A lot of you asked for it, so here we are. Today I’ll show you exactly how my wife and I, plus our 4-month old daughter are able to spend less than 1.400€ in total per month for our life in Austria.
Our low living expenses enabled us to invest the large majority of our income for the past 6 years. As a result, combined with some decent investment returns over this period, we’ve been able to grow our combined net worth to over 300.000€ by now, with the main pillar of our investments being low-cost, passive ETFs covering the entire global stock market.
This low cost of living, in addition to the size of our portfolio now enables us to be a lot more relaxed when it comes to work, so that we’re able to enjoy as much time as we want with our baby, together as a family.
We feel extremely lucky to be able to do that and when looking back, we’re very happy about the decisions we made to get to this point.
So in this post,
- I’ll first give you a bit of background information about how we got here and our mindset about what we spend money on
- and then I’ll break down our monthly expenses as a family of three in detail.
Who knows, you might even get a few ideas for something you can optimize in your own life. Or maybe you think we’re crazy by the end of it. Either way, I hope you enjoy it!
Our age and family income
So, here’s something you should know about the two of us.
I’m 32 years old and self-employed, while my wife is 29 and employed full time.
Ok, technically she’s still on parental leave until October, which is when our daughter turns one year old. During this time she receives 80% of her previous salary as an employee.
Neither of us are high-income earners. When looking at the statistics in Austria, we’re part of the middle class with our household income.
Yet, when we compare our situation to many of our friends, some of which earn a lot more money than we do every month after taxes, we have substantially more in savings and our life is less stressful as a result.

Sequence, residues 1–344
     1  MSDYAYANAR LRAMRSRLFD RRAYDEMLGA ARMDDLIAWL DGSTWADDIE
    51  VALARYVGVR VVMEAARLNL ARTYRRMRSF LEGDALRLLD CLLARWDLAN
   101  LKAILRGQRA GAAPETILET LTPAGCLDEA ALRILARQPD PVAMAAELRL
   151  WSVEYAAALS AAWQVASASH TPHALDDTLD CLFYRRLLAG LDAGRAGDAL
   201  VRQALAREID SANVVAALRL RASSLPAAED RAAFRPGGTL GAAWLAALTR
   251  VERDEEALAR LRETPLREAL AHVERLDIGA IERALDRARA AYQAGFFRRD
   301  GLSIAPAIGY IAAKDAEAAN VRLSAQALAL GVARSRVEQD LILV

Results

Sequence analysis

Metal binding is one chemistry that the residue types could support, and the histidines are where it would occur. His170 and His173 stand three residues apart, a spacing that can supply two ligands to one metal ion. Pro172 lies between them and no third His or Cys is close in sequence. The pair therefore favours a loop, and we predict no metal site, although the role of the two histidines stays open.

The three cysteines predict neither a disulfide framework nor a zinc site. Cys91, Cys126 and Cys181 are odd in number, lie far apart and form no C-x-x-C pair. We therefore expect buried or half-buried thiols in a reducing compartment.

This is due to a few habits we developed over time and some conscious choices we made.
How we decide what to spend money on
Both of us are pretty minimalist when it comes to what we spend money on. We discovered the concept of minimalism in 2016 after listening to Joshua Fields Millburn on the school of greatness podcast, and it really resonated with us.
This doesn’t mean we’re cheap, we simply ask ourselves three questions before spending our money:
- Does the value we’re getting from a purchase or restaurant visit match the price we’re paying for it?
- Is whatever we’re buying worth a certain number of work hours required to pay for it or would we get more enjoyment by having more free time and needing to work less instead?
- If we’re buying stuff, do we really need it? So is it something we’ll be using long-term and that’s going to make our life better or are we making an impulse purchase simply because something is on discount?
This, in combination with our pursuit of financial independence, after coming across the concept in 2017 via Mr. Money Mustache on the Tim Ferriss Podcast, means we’re able to put aside the majority of our income every month.
The thing is, if your goal is to one day reach financial independence, meaning being able to live purely from your investments long-term, it doesn’t only matter how much money you make – what actually matters is how much you’re able to save and invest on a regular basis.
To be able to save a good chunk of what you make, it’s worth reviewing your monthly expenses.